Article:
Stuff about Canada (p. 1) Suivre un blog

n-e-b-o-h- N.e.b.o.h. AKA Trystn Waller A continuation of the Stuff series. Here is the first of two parts about Canada, to spark interest and inform about places around the world. 0 critiques
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Stuff about: Canada (p. 1)

Hello from the other side, good readers, and welcome to today’s subject on Stuff. Here my main ringing objective is to kick you some knowledge about some country in the world, which in each post will differ, and to get you to appreciate a bit more of our lonely planet. Our subject today will be Canada, O Canada… then followed by “How lovely are your branches” which sounds like a silly attempt at replacing a powerful national lyric with a Christmas carol. Although, there is a big red maple leaf on the Canuck flag, and I’m not talking about hockey (note: Kanuck was an American term used initially in the 1800s to refer to Canadian people, then later on the “k” was dropped for a “c” and now the professional team spells it just as I did, Canuck, and the rest is history).

For this post, I will do a Part One and Two because of the length in which all the information will be expressed. At the bottom, I will put a link to the second Part, in addition to right here.

If you happen to be from North Dakota, Minnesota, or maybe upstate New Hampshire you might know a thing or two about the real Canada, off of these pages (screens), and depending on how you pronounce you’re double “oo’s” you’re practically Canadian, to begin with. I understand there may be some readers from the north side (whoop!) of the border that could eventually read this humble statement of mine some time down the line, so here’s to getting it all right!

Hills have eyes, hills have eyes… The Weeknd voice…

First off, you don’t have to be from Canada to know that it’s gigantic (you just have to look at a map, really), but specifying along that list of “gigantic” countries it makes the lineup as second biggest in total just after the heavyweight giant, Russia. It also has the longest coastlines of any country in the world, over 152 thousand miles to give you an idea, though, sadly, the bulk of those are not very beach-goer friendly. Still the coastlines should count for something, maybe half a point, at least.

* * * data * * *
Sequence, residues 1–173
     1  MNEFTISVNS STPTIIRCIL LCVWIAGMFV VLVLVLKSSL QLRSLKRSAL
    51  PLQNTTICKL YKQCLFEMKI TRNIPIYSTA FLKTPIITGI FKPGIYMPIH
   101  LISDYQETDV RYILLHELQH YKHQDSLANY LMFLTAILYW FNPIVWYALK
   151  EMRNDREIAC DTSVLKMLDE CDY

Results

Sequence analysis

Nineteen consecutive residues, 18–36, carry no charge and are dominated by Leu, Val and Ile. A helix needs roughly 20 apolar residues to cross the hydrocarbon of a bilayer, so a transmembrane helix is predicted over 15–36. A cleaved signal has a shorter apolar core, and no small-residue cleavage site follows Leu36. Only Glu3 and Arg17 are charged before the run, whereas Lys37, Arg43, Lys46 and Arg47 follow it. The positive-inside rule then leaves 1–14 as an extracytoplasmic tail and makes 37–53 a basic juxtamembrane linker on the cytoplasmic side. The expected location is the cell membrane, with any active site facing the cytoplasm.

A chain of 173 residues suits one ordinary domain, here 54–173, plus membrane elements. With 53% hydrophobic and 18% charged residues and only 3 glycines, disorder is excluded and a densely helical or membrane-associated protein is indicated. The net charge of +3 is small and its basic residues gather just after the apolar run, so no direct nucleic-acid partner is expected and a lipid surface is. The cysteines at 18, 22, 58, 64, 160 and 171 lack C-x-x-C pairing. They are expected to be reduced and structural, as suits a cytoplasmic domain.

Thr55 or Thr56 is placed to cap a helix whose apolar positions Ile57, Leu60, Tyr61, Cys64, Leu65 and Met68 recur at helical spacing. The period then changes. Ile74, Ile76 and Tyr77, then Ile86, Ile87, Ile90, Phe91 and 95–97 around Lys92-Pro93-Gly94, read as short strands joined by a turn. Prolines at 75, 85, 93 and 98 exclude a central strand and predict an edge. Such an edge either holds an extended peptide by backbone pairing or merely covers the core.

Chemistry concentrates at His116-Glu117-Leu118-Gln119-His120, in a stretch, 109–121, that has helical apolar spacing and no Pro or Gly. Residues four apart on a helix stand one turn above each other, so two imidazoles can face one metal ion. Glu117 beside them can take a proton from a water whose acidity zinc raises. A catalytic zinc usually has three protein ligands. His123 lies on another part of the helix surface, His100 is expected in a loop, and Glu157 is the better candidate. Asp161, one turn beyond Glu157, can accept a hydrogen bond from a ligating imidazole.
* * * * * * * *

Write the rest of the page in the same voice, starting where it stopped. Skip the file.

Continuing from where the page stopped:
📷Directions toCanada

Considering its massive size, Canada’s border with the USA is the longest land border of any two single countries in the world. Meaning: There are lots of places to sneak in, America! There’s hope, you’ll just have to learn the rest of the anthem, first — Trystn — , but it’s been a while since I’ve heard anyone talk about fleeing up north, anyway. Another insanely interesting geography fact (sigh, I know) is that Canada is home to the highest proportion worldwide of freshwater, meaning that most of the world’s drinkable water is sitting or flowing around up there, including the largest freshwater lakes that it shares with the Midwestern United States; Lake Superior and Lake Michigan/Huron, which further specifying depends on how you want to define the word lake.

Some of the world’s biggest islands are also part of the nation, as well as one that’s home to the northernmost human settlement in the world, just close enough to hear elves singing the new iPhone commercial theme in their workshop*.

📷Toronto skyline with a plane passing (behind) the CNTower